Jan. 8 2019 03:26 PM

The goal is total water independence by the year 2020.

The city of Santa Monica, California has moved one giant step closer toward water self-sufficiency, according to a story published on the Water Online website. Arcadis, a global design and consultancy firm for natural and built assets, announced recently it will partner with Kiewit Infrastructure West and PERC Water to serve as the progressive design/build team for the city’s Sustainable Water Infrastructure Project.

At present, Santa Monica partially relies on imported water to meet its needs. SWIP will allow the city to move toward true water independence. It supports existing sustainable-water programs, including the Clean Beaches Initiatives Project, the Enhanced Watershed Management Program and the City of Santa Monica Sustainable Water Master Plan.

The SWIP project will allow the city to do a number of things, among them, reduce energy use and greenhouse gas emissions associated with importing drinking water; harvest up to 4.5 million gallons of water from any storm for treatment and reuse; improve Santa Monica Bay’s beach water quality by reducing stormwater discharges and comply with the California State Water Board’s stormwater pollution discharge regulations.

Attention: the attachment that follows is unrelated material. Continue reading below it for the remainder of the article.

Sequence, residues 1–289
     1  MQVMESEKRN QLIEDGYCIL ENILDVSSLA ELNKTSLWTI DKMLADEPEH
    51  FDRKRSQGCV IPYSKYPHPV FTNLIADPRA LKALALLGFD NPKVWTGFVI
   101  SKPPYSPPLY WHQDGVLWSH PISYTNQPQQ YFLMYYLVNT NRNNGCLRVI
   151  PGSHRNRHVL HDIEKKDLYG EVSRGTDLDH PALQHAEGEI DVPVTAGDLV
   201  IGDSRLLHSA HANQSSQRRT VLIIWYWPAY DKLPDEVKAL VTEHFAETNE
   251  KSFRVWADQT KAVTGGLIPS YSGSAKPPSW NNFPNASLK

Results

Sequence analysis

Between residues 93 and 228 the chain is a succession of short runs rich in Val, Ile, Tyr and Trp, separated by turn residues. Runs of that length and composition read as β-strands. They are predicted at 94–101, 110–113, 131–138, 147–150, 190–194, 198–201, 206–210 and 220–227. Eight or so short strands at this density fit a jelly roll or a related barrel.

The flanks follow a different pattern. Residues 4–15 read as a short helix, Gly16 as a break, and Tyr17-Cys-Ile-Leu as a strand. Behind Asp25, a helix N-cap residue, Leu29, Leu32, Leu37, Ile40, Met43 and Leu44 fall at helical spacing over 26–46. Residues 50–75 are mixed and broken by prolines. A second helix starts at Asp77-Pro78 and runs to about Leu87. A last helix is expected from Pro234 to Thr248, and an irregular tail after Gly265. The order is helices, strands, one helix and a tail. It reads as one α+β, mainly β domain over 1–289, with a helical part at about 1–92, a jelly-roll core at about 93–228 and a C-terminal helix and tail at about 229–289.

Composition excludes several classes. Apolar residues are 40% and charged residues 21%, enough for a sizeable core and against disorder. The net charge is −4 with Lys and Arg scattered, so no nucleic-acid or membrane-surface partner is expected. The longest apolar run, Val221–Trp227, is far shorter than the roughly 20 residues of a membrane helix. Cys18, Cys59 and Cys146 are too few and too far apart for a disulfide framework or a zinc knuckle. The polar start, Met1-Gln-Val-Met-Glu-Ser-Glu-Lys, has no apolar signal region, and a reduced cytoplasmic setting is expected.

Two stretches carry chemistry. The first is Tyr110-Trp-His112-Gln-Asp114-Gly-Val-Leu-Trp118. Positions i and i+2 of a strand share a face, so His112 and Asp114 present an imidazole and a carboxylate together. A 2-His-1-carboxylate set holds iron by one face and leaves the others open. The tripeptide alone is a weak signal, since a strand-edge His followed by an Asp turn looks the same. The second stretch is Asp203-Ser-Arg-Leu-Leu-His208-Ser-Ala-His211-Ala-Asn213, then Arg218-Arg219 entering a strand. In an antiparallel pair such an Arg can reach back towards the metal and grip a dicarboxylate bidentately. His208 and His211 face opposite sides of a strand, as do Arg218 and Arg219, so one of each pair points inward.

In addition, it will allow the city to recycle up to one million gallons per day of municipal wastewater for reuse, including future indirect potable reuse via aquifer recharge, and treat up to 0.5 million gallons per day of stormwater and/or brackish or saline-impaired groundwater for reuse. These measures are expected to allow Santa Monica to conserve over 1,680 acre-feet, or 550 million gallons of groundwater or imported water per year.

“We’re excited to help take the city of Santa Monica that much closer to their goal to be water self-sufficient by 2020,” says Christine Cotton, senior vice president of Arcadis North America. “We look forward to partnering once again with Kiewit to bring another new water source to Southern California.”

The design phase is underway, and the project is expected to reach completion in 2020.